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PERFECTLY PATENTABLE: A PATENT BLOG FOR STARTUPS AND INVENTORS

Part 4: The Most Common Types of Claims 

How to Patent an Idea: A Guide for Beginners Listen to this article below: This is the fourth post in my series entitled How to Patent an Idea: A Guide for Beginners. In this post, we’ll discuss three special types of claims that are also very common. If this is the first blog that you’re reading in the series, it would be a good idea to also read the second post on understanding patents. If you need a few tips on how to read patent claims then Blog 3 is for you. Now let’s discuss the three most common types of patent claims and what you should know about each one.  The Markush Claim? A Markush claim is a patent claim that contains a special phrase. The classical Markush format is “selected from the group consisting of (a list of possibilities) and (one last possibility).” For example, a Markush claim for a peanut butter and jelly sandwich might read as follows: A square sandwich for satisfying hunger comprising: a first piece of white bread and a second piece of white bread; a peanut butter layer; and a jelly layer, wherein the jelly layer contains a plant material selected from the…

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Part 3: How To Protect Your Idea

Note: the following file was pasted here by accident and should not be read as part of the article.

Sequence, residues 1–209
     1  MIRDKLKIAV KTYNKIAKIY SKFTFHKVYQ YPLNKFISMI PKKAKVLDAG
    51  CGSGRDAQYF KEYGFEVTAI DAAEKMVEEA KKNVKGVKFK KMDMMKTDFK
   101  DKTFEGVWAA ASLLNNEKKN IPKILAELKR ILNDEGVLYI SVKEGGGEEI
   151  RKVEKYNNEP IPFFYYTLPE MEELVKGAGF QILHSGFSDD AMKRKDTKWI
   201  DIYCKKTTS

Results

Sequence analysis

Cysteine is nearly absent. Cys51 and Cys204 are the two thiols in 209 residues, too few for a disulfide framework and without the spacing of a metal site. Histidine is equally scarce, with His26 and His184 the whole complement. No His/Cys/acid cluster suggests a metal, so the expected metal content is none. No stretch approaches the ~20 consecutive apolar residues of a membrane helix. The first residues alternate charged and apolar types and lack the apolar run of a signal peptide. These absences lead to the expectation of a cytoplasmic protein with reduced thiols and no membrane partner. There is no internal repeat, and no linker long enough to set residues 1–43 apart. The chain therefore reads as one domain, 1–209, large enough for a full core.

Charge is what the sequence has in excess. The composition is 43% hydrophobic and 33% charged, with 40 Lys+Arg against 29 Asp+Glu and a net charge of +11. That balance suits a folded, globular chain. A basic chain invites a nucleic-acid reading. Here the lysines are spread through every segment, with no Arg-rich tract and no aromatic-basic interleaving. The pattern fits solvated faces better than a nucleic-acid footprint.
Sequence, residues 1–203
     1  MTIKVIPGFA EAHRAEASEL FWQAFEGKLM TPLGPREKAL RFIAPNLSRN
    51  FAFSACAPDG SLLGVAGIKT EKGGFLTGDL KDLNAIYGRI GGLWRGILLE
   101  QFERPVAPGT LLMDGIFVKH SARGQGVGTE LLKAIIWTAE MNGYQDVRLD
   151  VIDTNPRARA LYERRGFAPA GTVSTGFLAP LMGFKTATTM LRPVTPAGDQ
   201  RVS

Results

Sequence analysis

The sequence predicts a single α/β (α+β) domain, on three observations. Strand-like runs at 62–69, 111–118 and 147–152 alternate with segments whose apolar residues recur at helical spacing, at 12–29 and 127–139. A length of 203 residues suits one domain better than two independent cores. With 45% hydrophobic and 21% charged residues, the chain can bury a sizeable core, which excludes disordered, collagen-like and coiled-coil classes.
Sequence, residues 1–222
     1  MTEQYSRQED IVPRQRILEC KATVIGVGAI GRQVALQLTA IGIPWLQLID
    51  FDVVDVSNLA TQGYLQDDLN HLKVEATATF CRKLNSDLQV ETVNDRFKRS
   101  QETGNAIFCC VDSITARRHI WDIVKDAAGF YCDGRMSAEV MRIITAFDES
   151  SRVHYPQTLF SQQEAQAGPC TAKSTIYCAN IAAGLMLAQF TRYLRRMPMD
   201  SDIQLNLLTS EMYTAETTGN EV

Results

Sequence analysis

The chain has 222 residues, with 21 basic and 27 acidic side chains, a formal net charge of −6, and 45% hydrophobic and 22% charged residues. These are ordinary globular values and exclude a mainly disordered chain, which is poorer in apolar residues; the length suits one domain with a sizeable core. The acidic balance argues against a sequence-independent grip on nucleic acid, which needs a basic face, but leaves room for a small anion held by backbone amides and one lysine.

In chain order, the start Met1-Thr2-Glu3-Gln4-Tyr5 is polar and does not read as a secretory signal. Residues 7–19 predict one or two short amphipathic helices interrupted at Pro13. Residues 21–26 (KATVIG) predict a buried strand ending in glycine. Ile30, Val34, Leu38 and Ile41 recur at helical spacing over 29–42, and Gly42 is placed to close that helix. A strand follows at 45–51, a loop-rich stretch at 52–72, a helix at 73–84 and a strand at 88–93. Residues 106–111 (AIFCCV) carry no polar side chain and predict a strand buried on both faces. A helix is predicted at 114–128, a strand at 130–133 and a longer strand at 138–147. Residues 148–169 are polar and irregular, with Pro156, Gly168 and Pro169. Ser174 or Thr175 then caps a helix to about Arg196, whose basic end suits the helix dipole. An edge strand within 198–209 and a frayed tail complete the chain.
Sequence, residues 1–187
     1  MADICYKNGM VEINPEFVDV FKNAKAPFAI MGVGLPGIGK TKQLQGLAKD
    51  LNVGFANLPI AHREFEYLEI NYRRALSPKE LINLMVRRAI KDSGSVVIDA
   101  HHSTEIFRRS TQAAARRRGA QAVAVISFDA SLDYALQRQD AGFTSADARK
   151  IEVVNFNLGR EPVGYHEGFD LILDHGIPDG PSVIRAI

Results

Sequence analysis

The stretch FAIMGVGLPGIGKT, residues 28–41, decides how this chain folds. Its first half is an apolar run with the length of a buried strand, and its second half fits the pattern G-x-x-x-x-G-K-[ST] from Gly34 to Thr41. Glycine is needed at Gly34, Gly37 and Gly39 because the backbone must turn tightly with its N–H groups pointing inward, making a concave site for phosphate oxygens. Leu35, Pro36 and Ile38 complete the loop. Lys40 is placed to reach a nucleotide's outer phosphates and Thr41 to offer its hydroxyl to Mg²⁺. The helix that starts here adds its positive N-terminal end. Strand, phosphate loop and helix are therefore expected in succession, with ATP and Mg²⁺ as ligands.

How to Patent an Idea: A Guide for Beginners You can listen to this article below: This is the third post in my series entitled How to Patent an Idea: A Guide for Beginners. In this post, we’ll discuss the various parts of a patent claim, but if you missed Part 2 on Understanding Patents  (Hyperlink Blog 1), be sure to go back and review after reading this post.  How Do I Read Patent Claims? To understand how patent claims work let me give you an illustration of how patent attorneys interpret claims. During the Protestant Reformation, Martin Luther supposedly met with the protestant leaders at Marburg to determine if they could reconcile their differences and unite into a single protestant church.  The stakes couldn’t have been higher! They agreed on every point . . . except for one. Martin interpreted the biblical phrase “this is my body” to literally mean that the bread of communion became the flesh of Jesus Christ. However, the protestant leaders interpreted the phrase to be symbolic. In their mind, this couldn’t be taken literally. There was no apparent physical change or scientific explanation for that statement. Taken in context, Jesus must have meant it…

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